Limnology Research Articles
Limnology is derived from Greek limne means that "lake" and logos, "knowledge", is that the study of upcountry aquatic ecosystems. The study of earth science
includes aspects of the biological, chemical, physical, and earth science
characteristics and functions of upcountry waters (running and standing waters, contemporary and saline, natural and man-made). This includes the study of lakes, reservoirs, ponds, rivers, springs, streams, wetlands, and groundwater. A more recent sub-discipline of earth science, termed landscape limnology, studies, manages, and seeks to conserve these ecosystems employing a landscape perspective, by expressly examining connections between an aquatic system and its watershed. Recently, the requirement to know world inland waters as a part of the world System created a sub-discipline known as world limnology. This approach considers processes in inland waters on a worldwide scale, just like the role of upcountry aquatic ecosystems in world biogeochemical cycles. Earth science is closely related to aquatic ecology and hydrobiology that study aquatic organisms and their interactions with the abiotic (non-living) atmosphere. Whereas limnology has substantial overlap with freshwater-focused disciplines (e.g., fresh biology), it conjointly includes the study of inland salt lakes. Those people who study earth science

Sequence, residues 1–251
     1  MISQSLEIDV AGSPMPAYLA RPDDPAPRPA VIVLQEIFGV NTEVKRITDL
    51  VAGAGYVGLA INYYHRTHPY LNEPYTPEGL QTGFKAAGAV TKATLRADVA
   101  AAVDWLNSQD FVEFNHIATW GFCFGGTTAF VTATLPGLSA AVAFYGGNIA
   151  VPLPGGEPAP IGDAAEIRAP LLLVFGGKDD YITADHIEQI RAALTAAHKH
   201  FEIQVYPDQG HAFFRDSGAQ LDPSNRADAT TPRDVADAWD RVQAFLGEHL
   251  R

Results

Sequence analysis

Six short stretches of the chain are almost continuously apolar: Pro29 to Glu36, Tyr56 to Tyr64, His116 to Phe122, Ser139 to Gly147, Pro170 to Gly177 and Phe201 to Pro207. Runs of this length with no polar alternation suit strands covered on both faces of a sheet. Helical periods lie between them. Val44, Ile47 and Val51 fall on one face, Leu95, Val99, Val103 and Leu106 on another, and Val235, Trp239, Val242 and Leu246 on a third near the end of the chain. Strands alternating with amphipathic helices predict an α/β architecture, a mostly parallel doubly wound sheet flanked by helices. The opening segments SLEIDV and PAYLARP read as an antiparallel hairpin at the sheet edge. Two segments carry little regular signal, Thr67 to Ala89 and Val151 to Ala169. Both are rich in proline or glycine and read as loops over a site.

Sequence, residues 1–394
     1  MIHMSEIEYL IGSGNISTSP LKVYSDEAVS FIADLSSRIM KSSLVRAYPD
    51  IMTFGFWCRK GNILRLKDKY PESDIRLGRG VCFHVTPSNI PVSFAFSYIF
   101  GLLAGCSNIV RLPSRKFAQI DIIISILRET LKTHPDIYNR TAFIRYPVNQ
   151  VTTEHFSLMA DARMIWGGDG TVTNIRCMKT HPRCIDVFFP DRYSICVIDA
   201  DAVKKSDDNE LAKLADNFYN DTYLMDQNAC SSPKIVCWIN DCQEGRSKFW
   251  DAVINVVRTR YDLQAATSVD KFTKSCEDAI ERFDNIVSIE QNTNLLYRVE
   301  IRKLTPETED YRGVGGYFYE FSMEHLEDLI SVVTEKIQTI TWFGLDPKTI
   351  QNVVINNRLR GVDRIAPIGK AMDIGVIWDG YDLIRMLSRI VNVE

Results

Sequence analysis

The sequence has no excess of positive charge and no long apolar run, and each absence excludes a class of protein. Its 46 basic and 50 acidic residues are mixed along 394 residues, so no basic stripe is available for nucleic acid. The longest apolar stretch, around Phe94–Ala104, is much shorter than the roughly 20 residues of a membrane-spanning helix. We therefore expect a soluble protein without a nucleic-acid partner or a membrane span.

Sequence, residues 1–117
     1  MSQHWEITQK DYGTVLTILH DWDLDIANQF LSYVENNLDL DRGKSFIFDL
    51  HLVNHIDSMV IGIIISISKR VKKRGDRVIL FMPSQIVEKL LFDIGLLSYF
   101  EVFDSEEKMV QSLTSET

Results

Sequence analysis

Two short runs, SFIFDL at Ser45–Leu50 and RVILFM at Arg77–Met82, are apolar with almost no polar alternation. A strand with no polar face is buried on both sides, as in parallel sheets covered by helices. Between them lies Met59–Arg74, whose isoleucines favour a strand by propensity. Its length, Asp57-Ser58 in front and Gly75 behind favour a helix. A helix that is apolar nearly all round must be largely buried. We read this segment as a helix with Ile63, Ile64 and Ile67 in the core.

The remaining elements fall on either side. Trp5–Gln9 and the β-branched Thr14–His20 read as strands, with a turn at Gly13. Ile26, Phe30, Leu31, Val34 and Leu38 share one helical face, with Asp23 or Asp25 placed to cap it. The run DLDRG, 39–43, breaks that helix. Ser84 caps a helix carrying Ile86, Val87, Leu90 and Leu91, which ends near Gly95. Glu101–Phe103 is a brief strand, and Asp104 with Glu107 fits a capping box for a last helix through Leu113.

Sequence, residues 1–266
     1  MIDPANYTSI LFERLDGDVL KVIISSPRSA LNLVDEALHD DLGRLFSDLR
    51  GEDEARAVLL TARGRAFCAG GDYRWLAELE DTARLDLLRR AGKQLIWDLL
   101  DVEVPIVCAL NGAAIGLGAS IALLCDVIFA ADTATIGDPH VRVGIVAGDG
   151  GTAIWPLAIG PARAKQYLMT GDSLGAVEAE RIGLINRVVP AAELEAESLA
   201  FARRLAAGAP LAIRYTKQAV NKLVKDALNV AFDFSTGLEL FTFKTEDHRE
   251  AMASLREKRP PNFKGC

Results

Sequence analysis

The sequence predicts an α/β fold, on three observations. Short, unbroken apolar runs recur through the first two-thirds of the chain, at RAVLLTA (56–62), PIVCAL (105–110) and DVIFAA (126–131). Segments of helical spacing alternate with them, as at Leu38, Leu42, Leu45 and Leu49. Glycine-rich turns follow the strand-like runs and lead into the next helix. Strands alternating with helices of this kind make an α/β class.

are known as limnologists. There are several skilled organizations associated with limnology and alternative aspects of the aquatic science.
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